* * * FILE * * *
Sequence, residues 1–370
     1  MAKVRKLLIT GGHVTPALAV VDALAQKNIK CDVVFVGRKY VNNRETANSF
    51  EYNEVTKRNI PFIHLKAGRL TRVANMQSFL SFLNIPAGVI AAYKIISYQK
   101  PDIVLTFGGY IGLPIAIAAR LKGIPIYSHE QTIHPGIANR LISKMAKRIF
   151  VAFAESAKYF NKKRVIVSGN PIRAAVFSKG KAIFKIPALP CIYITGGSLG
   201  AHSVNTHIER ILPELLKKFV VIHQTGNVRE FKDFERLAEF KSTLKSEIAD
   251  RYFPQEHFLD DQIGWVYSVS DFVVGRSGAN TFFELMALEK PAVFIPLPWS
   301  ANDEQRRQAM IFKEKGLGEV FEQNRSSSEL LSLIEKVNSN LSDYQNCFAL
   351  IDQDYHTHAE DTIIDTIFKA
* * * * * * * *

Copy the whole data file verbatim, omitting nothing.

Sequence, residues 1–370
     1  MAKVRKLLIT GGHVTPALAV VDALAQKNIK CDVVFVGRKY VNNRETANSF
    51  EYNEVTKRNI PFIHLKAGRL TRVANMQSFL SFLNIPAGVI AAYKIISYQK
   101  PDIVLTFGGY IGLPIAIAAR LKGIPIYSHE QTIHPGIANR LISKMAKRIF
   151  VAFAESAKYF NKKRVIVSGN PIRAAVFSKG KAIFKIPALP CIYITGGSLG
   201  AHSVNTHIER ILPELLKKFV VIHQTGNVRE FKDFERLAEF KSTLKSEIAD
   251  RYFPQEHFLD DQIGWVYSVS DFVVGRSGAN TFFELMALEK PAVFIPLPWS
   301  ANDEQRRQAM IFKEKGLGEV FEQNRSSSEL LSLIEKVNSN LSDYQNCFAL
   351  IDQDYHTHAE DTIIDTIFKA